Jobs a casualty in SFFD takeover of the Presidio; Alioto-Pier's office responds 

Negotiations between The City and the federal government for the Fire Department to take over the duty of dousing fires in the Presidio have all but ended, with the Board of Supervisors expected to approve the changes in a matter of weeks.

The Fire Commission has already approved the contract. The City will recoup $756,875 in expenses from the National Park Service in the first year with costs increasing each year.

The biggest fallout, however, is all about jobs. Of the 29 firefighters who worked in the Presidio, the Fire Department this week only sent out letters to 15 saying they have a shot at making it as a San Francisco firefighter.

Despite a resolution by Supervisor Michela Alioto-Pier that would approve of the hiring of those Presidio firefighters, there will be at least 14 employees who will lose their jobs.

UPDATE: Alioto-Pier’s office called to say that just because the The City didn’t offer jobs to all of the federal fire employees, that doesn’t mean the remaining employees will be out of jobs. Many are applying for other jobs at the federal level.

Al Duncan, president of the Presidio Professional Firefighters, confirmed that several Presidio employees have been “scrambling” to train for other positions, but they face an uphill battle because the Presidio Fire Department is the only full service fire station under federal control. He also said that there are actually 32 employees at the station, so there are 17 firefighters and emergency medical technicians with uncertain futures.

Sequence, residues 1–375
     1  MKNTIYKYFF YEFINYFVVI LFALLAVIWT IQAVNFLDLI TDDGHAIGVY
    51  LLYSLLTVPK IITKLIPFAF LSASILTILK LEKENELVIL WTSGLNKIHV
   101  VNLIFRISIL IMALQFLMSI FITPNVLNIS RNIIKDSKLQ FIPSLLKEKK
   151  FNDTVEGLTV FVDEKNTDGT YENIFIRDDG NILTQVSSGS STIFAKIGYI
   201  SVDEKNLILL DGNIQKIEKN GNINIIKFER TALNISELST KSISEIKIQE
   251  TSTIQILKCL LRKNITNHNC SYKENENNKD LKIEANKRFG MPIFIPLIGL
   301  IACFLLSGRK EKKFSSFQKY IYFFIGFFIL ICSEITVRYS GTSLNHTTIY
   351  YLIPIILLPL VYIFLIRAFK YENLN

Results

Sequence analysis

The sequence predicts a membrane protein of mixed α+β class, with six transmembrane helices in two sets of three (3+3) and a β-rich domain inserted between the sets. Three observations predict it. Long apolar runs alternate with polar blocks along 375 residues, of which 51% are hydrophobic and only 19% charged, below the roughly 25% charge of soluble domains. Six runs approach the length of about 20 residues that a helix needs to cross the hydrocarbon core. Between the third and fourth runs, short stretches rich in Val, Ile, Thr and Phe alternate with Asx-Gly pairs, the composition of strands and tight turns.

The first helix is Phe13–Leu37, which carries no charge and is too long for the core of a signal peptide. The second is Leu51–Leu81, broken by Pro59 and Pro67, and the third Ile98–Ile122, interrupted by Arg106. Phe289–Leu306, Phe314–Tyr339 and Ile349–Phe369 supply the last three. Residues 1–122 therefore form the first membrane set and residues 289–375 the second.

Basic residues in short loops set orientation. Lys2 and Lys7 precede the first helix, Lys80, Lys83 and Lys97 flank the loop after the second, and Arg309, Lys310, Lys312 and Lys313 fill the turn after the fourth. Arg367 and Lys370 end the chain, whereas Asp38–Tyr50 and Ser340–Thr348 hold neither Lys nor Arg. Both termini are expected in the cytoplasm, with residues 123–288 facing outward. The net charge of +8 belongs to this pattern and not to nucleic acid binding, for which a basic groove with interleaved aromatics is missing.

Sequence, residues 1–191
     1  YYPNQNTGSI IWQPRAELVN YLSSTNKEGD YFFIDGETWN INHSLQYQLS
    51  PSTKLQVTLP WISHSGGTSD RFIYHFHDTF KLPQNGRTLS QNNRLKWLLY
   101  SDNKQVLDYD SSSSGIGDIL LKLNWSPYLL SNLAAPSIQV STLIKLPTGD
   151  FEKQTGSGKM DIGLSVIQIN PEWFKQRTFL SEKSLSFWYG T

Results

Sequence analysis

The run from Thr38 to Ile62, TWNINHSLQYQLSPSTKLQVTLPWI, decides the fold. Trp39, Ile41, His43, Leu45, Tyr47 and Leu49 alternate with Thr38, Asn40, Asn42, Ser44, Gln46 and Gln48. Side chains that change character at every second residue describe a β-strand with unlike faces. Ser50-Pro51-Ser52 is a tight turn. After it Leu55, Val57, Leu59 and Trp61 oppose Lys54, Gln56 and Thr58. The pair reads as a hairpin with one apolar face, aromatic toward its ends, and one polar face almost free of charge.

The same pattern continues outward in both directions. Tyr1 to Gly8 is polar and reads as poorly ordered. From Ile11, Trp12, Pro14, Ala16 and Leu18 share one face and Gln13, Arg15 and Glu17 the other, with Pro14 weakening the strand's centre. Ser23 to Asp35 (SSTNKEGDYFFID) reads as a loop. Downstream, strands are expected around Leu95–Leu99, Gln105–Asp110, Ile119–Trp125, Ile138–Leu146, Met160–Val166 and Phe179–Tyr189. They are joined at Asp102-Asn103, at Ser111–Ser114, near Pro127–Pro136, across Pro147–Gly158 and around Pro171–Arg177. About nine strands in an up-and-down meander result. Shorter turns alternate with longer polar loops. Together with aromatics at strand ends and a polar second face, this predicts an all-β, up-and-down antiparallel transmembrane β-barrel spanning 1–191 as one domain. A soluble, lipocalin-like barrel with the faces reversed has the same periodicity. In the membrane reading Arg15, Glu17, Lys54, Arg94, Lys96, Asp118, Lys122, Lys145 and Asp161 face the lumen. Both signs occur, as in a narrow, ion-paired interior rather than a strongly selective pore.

“It’s been a living hell for these employees,” Duncan said. “They’ve been on the hook for more than two years and I don’t think many people realize how that’s affected them.”

And another tidbit: Once The City takes over the Presidio Fire Department, they plan on calling it Station 51.

UPDATE #2: San Francisco Fire Department spokeswoman Lt. Mindy Talmadge points out that The City is actually saving jobs by hiring firefighters from the Presidio. Another possible outcome could have meant that the station was put into the hands of a private company.

“If another entity had taken over firefighting and emergency medical services in the Presidio, the potential for all of the employees to lose their jobs would have been very high,” Talmadge wrote in an e-mail. “We feel very good about being able to offer jobs to approximately half of the Firefighters/Paramedics that, prior to reaching an agreement with the San Francisco Fire Department, were expecting to be unemployed.”


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